I need 3 new bandsaw tyres for an old machine - it has no tyres on,
which is stopping the blade from sitting flat. I've seen the prices
online, and am sure I can do something for a small fraction of that,
and get it much quicker that via the post.
Any suggestions? I thought of vac cleaner belts, but not the cheapest
option. Where would I get a roll of rubber strip? And what could I
glue it on with? (Prefer water based to solvent)
The only other option is to grind down the edges of the wheels so the
sawblade teeth hang over the edges, thus it can sit flat again. I dont
know how good an idea this is. The wheels are plastic, and about 6"
Well I know getting a car inner tube small enough to fit may be a problem
but if you cut a circle out of it in a radial direction its going to be
about 6" in diameter.
Its not like cutting around the circumference and getting one 24" in
Sounds like you know how to a bandsaw.
Have you read Mark Duginske's Bandsaw Handbook. This was recommended to me
following a post on this ng some while ago. Cost the magnificent sum of two
quid iirc from Amazon.
A real eye opener. Definitely highly recommended.
I had a problem with a somewhat larger two wheel band saw. After reading
this book and some minor modifications/rectifications it now now runs
I spoke with a well known provider of band saw blades (who has great
experience of bandsaws) about new tyres. He couldn't help on this but
ventured that cork strip had been used successfully in his experience. This
by fb from his clients.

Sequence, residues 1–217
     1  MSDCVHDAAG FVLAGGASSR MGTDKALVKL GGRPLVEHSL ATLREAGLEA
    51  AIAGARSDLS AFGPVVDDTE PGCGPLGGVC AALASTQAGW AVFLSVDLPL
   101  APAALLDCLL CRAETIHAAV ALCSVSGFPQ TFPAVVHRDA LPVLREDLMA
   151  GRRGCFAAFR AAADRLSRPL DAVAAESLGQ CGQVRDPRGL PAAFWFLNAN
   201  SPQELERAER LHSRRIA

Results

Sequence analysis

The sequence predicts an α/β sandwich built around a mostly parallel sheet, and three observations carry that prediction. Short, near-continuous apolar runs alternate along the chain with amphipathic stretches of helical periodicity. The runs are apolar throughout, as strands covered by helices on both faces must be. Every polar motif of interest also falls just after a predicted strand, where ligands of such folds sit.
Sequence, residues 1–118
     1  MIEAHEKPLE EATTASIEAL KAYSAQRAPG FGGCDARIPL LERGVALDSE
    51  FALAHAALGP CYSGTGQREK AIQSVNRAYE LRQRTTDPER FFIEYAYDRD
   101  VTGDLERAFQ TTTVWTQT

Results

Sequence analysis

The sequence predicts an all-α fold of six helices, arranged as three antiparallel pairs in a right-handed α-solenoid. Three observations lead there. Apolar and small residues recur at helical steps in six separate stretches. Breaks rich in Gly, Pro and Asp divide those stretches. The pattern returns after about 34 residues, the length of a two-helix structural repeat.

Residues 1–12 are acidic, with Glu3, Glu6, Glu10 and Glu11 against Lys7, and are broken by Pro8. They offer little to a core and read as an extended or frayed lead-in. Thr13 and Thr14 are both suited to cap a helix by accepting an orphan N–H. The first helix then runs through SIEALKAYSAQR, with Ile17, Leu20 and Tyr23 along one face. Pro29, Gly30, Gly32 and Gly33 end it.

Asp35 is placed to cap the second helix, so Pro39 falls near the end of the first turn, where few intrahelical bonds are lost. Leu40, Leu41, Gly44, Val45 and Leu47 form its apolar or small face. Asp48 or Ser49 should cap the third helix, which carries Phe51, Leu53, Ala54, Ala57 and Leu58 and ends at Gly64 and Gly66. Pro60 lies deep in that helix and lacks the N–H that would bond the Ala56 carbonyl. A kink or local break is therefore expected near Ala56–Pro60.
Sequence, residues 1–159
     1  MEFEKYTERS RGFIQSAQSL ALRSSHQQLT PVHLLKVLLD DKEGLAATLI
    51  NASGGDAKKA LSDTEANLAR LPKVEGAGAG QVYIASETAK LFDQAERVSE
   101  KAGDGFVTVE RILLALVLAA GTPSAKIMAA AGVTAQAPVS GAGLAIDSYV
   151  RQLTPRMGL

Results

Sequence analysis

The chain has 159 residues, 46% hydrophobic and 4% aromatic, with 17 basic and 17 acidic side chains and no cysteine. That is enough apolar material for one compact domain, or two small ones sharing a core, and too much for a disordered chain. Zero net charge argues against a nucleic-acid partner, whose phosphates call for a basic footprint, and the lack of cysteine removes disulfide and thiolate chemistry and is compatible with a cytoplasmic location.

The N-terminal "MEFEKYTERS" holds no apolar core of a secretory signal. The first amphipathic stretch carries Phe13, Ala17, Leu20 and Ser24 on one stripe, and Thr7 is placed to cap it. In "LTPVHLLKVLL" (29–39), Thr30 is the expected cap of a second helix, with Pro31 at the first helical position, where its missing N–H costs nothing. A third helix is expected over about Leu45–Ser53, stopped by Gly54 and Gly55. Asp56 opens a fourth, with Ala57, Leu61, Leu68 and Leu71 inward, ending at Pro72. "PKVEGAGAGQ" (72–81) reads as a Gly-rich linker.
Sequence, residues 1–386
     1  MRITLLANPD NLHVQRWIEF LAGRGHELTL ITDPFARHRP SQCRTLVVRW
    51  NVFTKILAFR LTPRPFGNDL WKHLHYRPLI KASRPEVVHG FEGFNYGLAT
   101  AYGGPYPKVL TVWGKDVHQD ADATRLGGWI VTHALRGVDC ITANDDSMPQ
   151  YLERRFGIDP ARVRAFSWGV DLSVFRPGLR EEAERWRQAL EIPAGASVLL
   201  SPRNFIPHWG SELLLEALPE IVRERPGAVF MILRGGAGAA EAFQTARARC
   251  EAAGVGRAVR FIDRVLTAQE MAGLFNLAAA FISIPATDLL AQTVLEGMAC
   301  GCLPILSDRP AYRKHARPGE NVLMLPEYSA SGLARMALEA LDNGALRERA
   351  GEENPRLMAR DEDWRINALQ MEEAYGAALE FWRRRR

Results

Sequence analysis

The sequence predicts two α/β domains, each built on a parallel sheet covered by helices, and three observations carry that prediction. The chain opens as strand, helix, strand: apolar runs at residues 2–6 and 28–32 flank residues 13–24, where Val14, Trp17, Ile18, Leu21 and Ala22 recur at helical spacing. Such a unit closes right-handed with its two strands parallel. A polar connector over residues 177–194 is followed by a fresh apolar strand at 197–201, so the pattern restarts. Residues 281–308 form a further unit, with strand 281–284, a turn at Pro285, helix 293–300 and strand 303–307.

However, where have the three original tyres on your machine gone? To me
this would indicate a problem within the machine. It might be preferable to
fix any problem before administering a cure.
Adhesive: dunno, I might try evostik (the old fashioned variety) which would
work. This def not water based.
The blade teeth are not meant to hang over the edge of the wheels.
BAH, I must read OP's more thoroughly.
I retract the first line of this, my, reply.
If the wheels are six inch dia. and plastic I think it very unlikely that
the wheels were ever fitted with any tyres.
Generally the wheels (and tyres if fitted) are either flat or have a very
slight camber. This allows a well adjusted machine to run the blade to the
centre of the wheels.
There are, as with other things, too many variables.
So to bed.
I gather there are 3 types of tyres in use: rubberised cork, rubber,
The only problem I'm finding is that the blade wont sit flat on the
wheels. The wheel design makes this inevitable, and the blade
alignment's a fair way out because of it. There's no way to tweak it
to make it work ok as is, it needs either tyres or filing.
I realised if I use stretched rubber it shouldnt need adhesive.
no. it would fix the alignment problem though.
There are rollers on the back of the blade as usual, but nothing on
the teeth side to stop it falling off, so the wheels need some camber.
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